So after weighing all the options, plans, and ideas, you’ve decided that the next thing you need to complete your garden is the good old fashioned garden bridge. You’ve built your entire landscaping method around adding a bridge to your backyard, and only fate will keep you from incorporating this into your outdoor paradise. The only problem is you have no idea what your garden bridge needs to be made of. And with so many options out there, who knows what is best for your needs. How can you be sure that you’re getting the best investment for your money?
With the variations in construction of garden bridges out there, the best investment starts with doing the correct homework. Knowing what to expect, combined with where you live and the environmental hazards that go with your new decoration will ensure you’re getting the right thing at the right price.
One of the biggest things to remember is that garden bridges are not as easy to bring in during the winter months as the rest of your outdoor furniture. In some cases, once placed, your decorum becomes one with the land. This is something to consider when debating which one to purchase: not all materials handle the heat, rain, snow, dirt and debris as well as others. Furthermore, some materials are best to handle one situation or climate than others. Think very carefully before moving forward with a plan of action on how this will affect your bridge.
Now that you have debated the elemental problems that will plague your garden bridge, its time to consider the attack from below – how bugs will affect the use and life of your garden bridge. That’s right – bugs. Unlike the rest of your patio furniture, garden bridges spend their life attached directly to the ground, offering a home for pests of all seasons. Be careful of termites and other pests making a nice nest out of your garden bridge, as it will eventually be a health and safety hazard to your friends and family, and destroying the long life of a decoration you thought you would cherish for years to come.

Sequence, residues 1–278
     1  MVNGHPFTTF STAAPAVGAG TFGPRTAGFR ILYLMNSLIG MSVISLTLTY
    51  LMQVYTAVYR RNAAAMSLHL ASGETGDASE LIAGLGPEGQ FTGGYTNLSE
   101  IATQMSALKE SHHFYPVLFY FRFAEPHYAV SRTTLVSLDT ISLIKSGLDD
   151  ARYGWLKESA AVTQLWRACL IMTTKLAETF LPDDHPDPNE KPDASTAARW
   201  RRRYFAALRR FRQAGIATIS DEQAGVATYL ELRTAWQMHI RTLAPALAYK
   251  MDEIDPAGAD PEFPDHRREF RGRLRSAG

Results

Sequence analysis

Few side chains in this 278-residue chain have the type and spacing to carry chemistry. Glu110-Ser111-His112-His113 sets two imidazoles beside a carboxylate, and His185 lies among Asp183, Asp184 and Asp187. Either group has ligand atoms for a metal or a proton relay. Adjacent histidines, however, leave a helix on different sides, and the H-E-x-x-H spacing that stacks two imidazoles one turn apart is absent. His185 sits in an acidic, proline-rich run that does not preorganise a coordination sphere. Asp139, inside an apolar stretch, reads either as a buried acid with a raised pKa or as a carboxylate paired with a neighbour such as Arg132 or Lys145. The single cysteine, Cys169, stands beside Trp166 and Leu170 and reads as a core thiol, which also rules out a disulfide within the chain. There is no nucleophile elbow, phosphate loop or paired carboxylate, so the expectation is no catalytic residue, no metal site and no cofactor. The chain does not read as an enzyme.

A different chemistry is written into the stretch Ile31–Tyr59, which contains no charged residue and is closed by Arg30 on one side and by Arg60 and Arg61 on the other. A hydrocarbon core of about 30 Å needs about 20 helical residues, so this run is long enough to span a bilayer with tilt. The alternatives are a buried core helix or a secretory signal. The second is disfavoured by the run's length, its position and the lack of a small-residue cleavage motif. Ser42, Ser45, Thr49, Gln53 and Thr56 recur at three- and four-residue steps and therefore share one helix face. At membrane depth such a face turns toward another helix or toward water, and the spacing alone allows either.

With the weather and indigenous pests in mind, it is now time to consider what you want your garden bridge to be made out of. Three of the most popular choices of materials include cypress, cedar, and plastics. Cypress and cedar bridges give the charm and warmth that only wooden bridges can – they bring back memories of a simpler time, when trains and carriages crossed covered wooden bridges. These are excellent choices as well because of their density, the hardness of the woods, and their natural resistance to pests. Both cypress and cedar can withstand the harsh elements, and bring you joy throughout the year. Meanwhile, bridges made of plastics can last just as long, and guarantee you will not be dealing with a pest problem anytime soon. Made of recycled and synthetic materials, plastics will make sure you will be getting the best of your investment for years to come.
While getting a garden bridge seems like one of the hardest investments you will make, knowing what goes in them, and why they are a good choice for your home does not. A little homework on the right stuff will make your investment go a long way.
Joseph Kortez is a freelance writer with diverse interests including home and garden, outdoor furniture and backyard living, with an emphasis on garden bridges.
As a media professional, his work has been featured on CNN and the CBS Evening News. He currently writes for Adams Cedar Company.